Citizen Wildlife Monitoring Project makes new discoveries

Citizen Wildlife Monitoring Project makes new discoveries

Conservation Northwest / Jan 06, 2017 / Wildlife Monitoring

Two wolverines in new areas of the Cascades, a fisher in the South Cascades, and another wolf among highlights from project in 2016

There’s no denying it: last year had its ups and downs. But before you write off 2016 as the year to forget, take a look at some of the exciting photos of native wildlife that we received throughout last year’s Citizen Wildlife Monitoring Project (CWMP) remote camera season!

Throughout the year, we captured photo evidence of rare wildlife moving in areas where we’ve never documented them before. Volunteers sent in photos of wolverines at two new sites just east of Stevens Pass and in the Chiwawa Valley north of Lake Wenatchee, as well as another wolf from the Teanaway Pack on a walkabout in the Chiwaukum Mountains west of Leavenworth.

We also received photos of a newly-released fisher in the Bumping Lake area near Mount Rainier, an encouraging sight as we continue our second year of fisher releases, part of a multi-year project in the South Cascades.

A gray wolf in the Chiwaukum area last year. Photo: CWMP

We also began a collaborative lynx monitoring project in northeast Washington with help from researchers at Washington State University – together, we’re working to document the presence of Canada lynx in the Kettle River Mountain Range. Through the project, researchers were able to capture images of this endangered cat near Sherman Pass in Ferry County, helping us further our knowledge on their movements and population viability in northeast Washington.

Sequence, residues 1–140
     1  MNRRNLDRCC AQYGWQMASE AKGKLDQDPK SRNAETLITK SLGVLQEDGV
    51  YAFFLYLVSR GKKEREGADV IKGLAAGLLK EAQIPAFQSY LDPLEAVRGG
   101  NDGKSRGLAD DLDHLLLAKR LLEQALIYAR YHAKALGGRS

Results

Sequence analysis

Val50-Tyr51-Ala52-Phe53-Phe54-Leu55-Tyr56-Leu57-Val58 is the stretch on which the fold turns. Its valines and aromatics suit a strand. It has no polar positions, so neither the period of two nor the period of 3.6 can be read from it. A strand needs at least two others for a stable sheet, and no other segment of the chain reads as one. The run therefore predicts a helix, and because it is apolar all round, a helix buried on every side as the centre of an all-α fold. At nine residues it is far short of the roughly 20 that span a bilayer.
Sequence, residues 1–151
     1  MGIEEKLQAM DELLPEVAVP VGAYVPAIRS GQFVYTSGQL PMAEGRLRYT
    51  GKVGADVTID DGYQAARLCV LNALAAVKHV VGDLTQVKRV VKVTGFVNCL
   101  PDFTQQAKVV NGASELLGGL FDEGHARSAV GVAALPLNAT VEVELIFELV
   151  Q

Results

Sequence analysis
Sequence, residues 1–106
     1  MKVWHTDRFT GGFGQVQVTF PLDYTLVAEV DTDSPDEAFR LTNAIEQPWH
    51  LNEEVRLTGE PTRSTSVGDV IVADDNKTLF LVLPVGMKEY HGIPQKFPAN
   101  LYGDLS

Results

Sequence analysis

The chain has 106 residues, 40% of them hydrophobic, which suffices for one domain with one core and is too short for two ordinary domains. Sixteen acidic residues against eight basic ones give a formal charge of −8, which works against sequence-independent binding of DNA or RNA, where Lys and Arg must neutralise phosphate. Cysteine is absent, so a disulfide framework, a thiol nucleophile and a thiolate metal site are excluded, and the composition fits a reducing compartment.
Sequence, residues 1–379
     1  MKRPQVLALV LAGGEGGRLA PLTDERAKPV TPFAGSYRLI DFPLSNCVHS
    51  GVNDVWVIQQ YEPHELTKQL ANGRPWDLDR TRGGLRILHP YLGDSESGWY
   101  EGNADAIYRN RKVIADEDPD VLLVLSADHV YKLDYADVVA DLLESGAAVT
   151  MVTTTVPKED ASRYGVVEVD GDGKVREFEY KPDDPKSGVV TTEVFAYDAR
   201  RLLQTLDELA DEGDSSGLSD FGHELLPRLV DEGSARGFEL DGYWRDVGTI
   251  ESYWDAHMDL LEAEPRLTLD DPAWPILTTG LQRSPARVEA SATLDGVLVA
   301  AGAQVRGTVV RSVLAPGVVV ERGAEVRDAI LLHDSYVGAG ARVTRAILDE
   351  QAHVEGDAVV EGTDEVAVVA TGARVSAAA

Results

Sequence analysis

This year our monitoring project also joined the Wildlife Camera Network-Northwest alongside Woodland Park Zoo and other organizations who monitor for wildlife in our region. This data-sharing collaborative will help us avoid redundancy when we set up monitoring sites throughout the state. In the years ahead we’ll also be participating in a multi-state wolverine study with the same goals in mind.

A cougar on the Colville National Forest in August. Photo: CWMP

This fall, our monitoring project was also on TV! An episode of Xploration Awesome Planet featuring our staff and CWMP volunteers aired on Hulu. A camera crew joined us in the field as we set up a monitoring site in the Cascades, and the segment that features citizen science and our work is available for viewing on our YouTube channel.

As always, we’re extending a huge thank you to the more than 75 wonderful volunteers who joined us this past spring through fall. We also have additional volunteers in ten snowtracking teams who will be working this winter monitoring for wildlife activity in the Snoqualmie Pass area and near new I-90 wildlife crossings.

Our Citizen Wildlife Monitoring Project is one of the largest volunteer-based citizen science efforts in North America, and the Project is generating real results for rare and recovering species. The data our volunteers collects supports state and federal conservation efforts, and with it we’ll continue to fight for our native wildlife and help ensure their successful recovery!

A bull elk near the Interstate 90 corridor. Photo: CWMP